The Praying Habit: Lent

I have a spotty relationship with Lenten disciplines. The season was commemorated at the Lutheran church I grew up attending with Wednesday soup dinners and Tenebrae services following them in addition to the regular Sunday church services, the sanctuary decorated in the liturgically appropriate purple. I recall some of my Sunday school classmates giving something up, usually a food or drink item like chocolate or pop (yes, pop—this was in Minnesota), but choosing a Lenten sacrifice wasn’t something that was emphasized in Sunday school. Not wanting to be like everyone else giving up candy or Coke and lacking any great ideas of my own, I rarely observed the practice and completely stopped once my mother let me off the church attendance hook after I was confirmed.

I wasn’t expecting Lent to be a part of my life after this, but my stumbling upon and becoming involved with a welcoming, progressive campus ministry at my college made it relevant once again. I considered some options, but at this point the concept of giving something up for Lent struck me as being more about testing my self control, not so much being a spiritual discipline (it hadn’t occurred to me that it could be both). One year, in an effort to be unique I decided to keep a modified version of kosher. I wasn’t buying exclusively kosher meat and waiting six hours between meat and dairy, but I didn’t put cheese on the chicken sandwiches I made at the cafeteria and avoided pork and seafood. I almost made it. Potatoes au gratin with chunks of ham in it finally made me bow to temptation.

Since that attempt I haven’t really had the spiritual or creative motivation to come up with something to give up or take on for Lent. My religiosity and spirituality have fluctuated since graduating and moving on from the college church group that provided me with a structure in which to explore how I wanted to relate to Christianity, or any faith at all.

This year, I’ve made the commitment to pray every day during Lent. I can’t put my finger on where exactly this idea came from, though I think it took root when I saw Mary Valle offering thoughts and prayers to Killing the Buddha readers and other folks she interacted with online. I used to pray pretty consistently, as a child and into adulthood even writing in a prayer journal during a particularly fervent phase of seeking the holy, but have since slacked off, often drifting to sleep before the idea occurs.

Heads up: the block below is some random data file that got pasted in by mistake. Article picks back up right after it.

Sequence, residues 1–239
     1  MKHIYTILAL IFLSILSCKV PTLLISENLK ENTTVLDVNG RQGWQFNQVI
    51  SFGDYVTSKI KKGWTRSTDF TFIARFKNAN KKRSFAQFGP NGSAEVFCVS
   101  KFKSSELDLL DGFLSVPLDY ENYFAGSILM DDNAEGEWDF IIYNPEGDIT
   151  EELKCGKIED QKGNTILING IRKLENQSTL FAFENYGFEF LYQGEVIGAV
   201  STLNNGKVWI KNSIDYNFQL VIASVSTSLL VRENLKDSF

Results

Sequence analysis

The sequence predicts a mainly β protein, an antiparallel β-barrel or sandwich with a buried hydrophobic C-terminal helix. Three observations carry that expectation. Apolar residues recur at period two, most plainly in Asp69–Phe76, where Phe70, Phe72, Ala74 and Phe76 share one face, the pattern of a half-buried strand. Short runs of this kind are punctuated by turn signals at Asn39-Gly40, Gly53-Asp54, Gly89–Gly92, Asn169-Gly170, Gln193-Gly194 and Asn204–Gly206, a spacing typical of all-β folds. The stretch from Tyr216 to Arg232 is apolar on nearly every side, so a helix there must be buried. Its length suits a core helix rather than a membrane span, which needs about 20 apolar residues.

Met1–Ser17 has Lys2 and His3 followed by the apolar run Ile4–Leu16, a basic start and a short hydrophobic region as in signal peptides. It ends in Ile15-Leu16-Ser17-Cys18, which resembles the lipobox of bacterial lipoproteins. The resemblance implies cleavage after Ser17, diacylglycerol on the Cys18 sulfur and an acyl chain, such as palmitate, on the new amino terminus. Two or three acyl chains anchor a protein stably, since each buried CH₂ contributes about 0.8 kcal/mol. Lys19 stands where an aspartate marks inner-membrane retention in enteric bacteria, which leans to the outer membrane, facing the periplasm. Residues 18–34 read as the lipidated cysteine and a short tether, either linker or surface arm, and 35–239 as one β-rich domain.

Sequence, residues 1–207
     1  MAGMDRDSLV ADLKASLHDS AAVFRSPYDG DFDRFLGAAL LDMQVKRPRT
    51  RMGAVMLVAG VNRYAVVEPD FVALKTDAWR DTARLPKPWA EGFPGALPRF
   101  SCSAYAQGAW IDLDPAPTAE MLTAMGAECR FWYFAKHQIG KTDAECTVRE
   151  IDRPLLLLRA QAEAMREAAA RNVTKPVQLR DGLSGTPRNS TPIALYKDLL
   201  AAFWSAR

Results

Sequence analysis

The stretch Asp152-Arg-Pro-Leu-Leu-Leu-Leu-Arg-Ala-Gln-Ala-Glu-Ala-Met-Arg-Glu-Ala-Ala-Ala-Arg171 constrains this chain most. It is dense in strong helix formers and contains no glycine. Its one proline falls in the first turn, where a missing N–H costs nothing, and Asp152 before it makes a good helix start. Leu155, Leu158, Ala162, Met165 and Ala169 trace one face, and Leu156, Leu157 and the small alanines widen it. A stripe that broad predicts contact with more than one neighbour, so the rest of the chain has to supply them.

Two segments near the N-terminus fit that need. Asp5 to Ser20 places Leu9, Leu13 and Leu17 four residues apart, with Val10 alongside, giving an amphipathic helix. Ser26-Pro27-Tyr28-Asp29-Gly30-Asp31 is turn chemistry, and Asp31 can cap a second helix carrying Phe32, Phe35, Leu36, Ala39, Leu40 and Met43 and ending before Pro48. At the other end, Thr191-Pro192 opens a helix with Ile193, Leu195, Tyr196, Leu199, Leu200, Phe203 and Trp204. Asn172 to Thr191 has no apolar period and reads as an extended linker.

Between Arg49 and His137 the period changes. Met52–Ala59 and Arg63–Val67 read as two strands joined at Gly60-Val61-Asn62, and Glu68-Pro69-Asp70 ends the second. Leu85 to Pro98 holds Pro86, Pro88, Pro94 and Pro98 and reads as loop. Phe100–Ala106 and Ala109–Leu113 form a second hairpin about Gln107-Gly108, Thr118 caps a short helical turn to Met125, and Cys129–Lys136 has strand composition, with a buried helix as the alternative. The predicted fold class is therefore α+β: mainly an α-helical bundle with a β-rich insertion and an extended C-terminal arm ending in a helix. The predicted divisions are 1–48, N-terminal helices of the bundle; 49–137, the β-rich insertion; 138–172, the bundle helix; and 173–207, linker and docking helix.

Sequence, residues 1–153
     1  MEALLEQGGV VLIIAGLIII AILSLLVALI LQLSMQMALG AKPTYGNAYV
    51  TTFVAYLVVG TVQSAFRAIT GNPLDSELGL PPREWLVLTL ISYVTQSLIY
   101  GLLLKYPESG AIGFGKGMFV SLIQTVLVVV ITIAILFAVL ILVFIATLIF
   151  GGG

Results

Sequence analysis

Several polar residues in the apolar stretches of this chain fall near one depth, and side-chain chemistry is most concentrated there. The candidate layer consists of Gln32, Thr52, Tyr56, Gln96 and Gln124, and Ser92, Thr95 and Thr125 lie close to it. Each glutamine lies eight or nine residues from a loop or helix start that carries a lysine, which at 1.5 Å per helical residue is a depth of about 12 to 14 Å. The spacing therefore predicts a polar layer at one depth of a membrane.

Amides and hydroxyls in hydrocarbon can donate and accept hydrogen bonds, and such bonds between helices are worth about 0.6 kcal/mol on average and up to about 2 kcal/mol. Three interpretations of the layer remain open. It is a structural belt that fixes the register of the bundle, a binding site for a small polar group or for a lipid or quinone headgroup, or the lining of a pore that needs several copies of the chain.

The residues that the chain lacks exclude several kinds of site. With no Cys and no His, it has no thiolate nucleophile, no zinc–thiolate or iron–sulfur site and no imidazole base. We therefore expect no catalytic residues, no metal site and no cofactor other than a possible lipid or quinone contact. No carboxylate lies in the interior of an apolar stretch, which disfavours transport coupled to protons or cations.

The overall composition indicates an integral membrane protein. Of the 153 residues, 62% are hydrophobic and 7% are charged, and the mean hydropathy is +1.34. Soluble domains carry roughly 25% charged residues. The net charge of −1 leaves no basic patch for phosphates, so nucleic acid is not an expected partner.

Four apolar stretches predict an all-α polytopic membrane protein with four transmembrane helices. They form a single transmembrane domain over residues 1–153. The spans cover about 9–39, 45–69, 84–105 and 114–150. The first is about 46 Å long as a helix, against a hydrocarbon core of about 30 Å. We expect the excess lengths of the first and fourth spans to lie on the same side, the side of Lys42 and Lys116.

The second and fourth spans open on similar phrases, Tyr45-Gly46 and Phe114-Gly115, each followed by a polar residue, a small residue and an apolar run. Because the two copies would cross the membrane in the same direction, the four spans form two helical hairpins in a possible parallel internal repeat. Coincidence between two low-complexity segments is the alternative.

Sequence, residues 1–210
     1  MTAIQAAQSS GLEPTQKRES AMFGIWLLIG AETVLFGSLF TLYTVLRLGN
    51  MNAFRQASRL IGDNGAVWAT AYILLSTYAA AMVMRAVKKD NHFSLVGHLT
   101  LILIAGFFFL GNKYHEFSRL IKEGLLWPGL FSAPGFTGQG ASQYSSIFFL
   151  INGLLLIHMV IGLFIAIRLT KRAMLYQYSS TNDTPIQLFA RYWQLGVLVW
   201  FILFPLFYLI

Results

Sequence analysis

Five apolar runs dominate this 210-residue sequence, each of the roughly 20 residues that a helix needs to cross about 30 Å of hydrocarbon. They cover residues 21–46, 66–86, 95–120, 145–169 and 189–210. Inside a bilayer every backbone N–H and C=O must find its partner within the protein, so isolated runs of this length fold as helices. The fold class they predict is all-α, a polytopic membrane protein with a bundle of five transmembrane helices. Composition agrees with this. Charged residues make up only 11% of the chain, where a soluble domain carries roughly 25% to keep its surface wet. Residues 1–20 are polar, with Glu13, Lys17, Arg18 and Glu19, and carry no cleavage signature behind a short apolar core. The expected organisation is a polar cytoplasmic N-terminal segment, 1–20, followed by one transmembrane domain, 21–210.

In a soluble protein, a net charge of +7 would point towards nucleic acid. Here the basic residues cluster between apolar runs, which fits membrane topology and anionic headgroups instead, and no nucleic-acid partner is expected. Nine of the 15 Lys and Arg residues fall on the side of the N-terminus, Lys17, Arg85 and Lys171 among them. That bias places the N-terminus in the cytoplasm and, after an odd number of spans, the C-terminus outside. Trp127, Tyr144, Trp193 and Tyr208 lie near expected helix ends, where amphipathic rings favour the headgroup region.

In order to make this a bit more interesting (and hopefully, a bit more spiritually fruitful) I’m planning on changing up the style of prayer I do for each week of Lent. I’m starting with my normal habit of praying in bed before I fall asleep for the first week, and for each week following I’ll be using different faiths’ styles of praying. On my list is Mormon, Catholic, Jewish and Quaker prayer, spending the final week going back to my traditional style of prayer to see if and how praying in these different ways affects my prayer life. It would be fair to criticize me for only exploring prayer through a Western, Judeo-Christian lens, and perhaps if I attempt this again I’ll try to incorporate meditation, Hindu or Muslim prayer. For this year, I want to approach traditions that I’m somewhat familiar with as a way of easing myself back into the praying habit.

Rabbi Abraham Joshua Heschel wrote, “To pray is to take notice of the wonder, to regain the sense of the mystery that animates all beings, the divine margin in all attainments.” I begin these six weeks with some anxiety and skepticism that I’ll be able to acknowledge mystery or wonder,  but I am hopeful that I do.

Carolyn Browender is an activist and seeker living in Washington, D.C. She was raised Lutheran by a practicing Christian mother and secular Jewish father. You can also find her on Twitter.